By Dorothy Zimmerman, Florida Sea Grant
Apalachicola, home of world-famous oysters and producer of about 10 percent of the U.S. oyster supply, is once again in the headlines, but this time it’s for all the wrong reasons.
A steep decline in the oyster harvest has hundreds of fishermen, local leaders and seafood producers wondering if their unique fishery and way of life may be on the verge of collapse.
To help the industry bounce back, Florida Sea Grant, with funding from the Institute of Food and Agricultural Sciences at the University of Florida, has brought together university researchers, agency scientists and industry leaders to form the UF Oyster Recovery Team.
Karl Havens, director of Florida Sea Grant and the chair of the recovery team, told a U.S. Senate field hearing earlier this year that the recovery team’s investigations showed the main cause of the fishery’s sudden collapse was a die-off of young oysters, mostly likely linked to disease, predators, and the stress of two years of high salinity.
The decline became apparent as early as the summer of 2012, when sampling of Apalachicola Bay’s primary producing reefs – the same reefs that produced $6.6 million in dockside landings in 2011 – showed few oysters. State officials have since asked for and received a fisheries failure declaration from NOAA Fisheries.
While that petition awaits Congressional approval and funding, the UF recovery team has been working to implement its primary recommendation: large-scale restoration needed to achieve recovery of the Apalachicola Bay oyster industry. One proposal to conduct experimental reef restoration seeks $3 million and is before the National Fish and Wildlife Foundation.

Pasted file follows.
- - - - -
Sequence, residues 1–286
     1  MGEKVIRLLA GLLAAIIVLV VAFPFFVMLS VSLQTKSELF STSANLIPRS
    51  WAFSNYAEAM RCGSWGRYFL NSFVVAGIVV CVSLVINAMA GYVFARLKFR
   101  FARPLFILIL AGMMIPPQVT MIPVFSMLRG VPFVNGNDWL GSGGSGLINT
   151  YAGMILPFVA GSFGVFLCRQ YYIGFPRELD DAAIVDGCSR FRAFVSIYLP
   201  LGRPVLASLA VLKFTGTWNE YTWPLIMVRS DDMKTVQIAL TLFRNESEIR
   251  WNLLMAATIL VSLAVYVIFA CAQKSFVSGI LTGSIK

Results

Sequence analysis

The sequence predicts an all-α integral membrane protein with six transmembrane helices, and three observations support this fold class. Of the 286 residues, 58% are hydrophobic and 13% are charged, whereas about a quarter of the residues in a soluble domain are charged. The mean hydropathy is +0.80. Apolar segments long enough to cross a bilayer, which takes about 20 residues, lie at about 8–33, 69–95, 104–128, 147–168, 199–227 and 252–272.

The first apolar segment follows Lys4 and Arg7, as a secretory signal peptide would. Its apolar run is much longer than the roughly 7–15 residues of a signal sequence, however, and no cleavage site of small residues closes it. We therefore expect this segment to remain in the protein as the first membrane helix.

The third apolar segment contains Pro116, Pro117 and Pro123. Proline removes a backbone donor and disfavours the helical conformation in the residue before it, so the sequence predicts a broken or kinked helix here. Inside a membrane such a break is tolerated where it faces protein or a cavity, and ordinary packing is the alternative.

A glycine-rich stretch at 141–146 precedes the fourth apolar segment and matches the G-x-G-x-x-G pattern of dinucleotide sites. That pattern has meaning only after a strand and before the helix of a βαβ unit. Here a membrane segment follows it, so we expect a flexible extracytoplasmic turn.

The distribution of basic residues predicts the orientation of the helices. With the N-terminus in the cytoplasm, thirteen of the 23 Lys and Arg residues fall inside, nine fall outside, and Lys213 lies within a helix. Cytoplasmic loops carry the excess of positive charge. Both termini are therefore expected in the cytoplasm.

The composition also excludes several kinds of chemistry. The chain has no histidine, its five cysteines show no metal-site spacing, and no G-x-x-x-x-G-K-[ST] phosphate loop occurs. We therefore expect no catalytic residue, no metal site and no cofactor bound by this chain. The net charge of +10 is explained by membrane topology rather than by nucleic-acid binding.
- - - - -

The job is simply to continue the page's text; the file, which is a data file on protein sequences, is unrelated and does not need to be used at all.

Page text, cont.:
Guided by results from that project, the team wants to conduct a much larger follow-on restoration using $30 million of RESTORE Act funds to rebuild as much as 1,000 acres of degraded reef habitat.
Apalachicola Bay, a lagoon situated along Florida’s northwest Gulf of Mexico coast, receives freshwater inputs from rivers flowing across three states – Georgia, Alabama and Florida. The freshwater inputs create the brackish water habitat essential for oysters to thrive, but in 2011 and 2012, prolonged drought turned the river basin into the driest place in the U.S.
While it is unclear whether reduced river flows were due to exceptional drought, or caused in part by upstream uses, resolving water allocation will be critical to finding a long-term solution for the oyster industry.
The team’s research also suggests that recovery of the commercial harvest to historical levels may take as much as a decade, but could be reduced to just three to four years if harvesting is greatly reduced, and a large-scale oyster reef restoration project occurs to replenish degraded habitat.
Close collaboration with the oyster industry has been critical to the successful outcomes of the recovery team, and will continue to be so for future challenges. Community leaders and Apalachicola Bay seafood producers have already formed a citizens’ action group, the Seafood Management Assistance Resource and Recovery Team, or SMARRT, to help facilitate cooperation that will lead to a lasting increase of oyster populations.
The UF oyster team’s initial report was published in April. This four-page executive summary characterizes conditions in the bay, reviews possible causes for the fishery collapse, and outlines a plan for future monitoring, research and fishery management.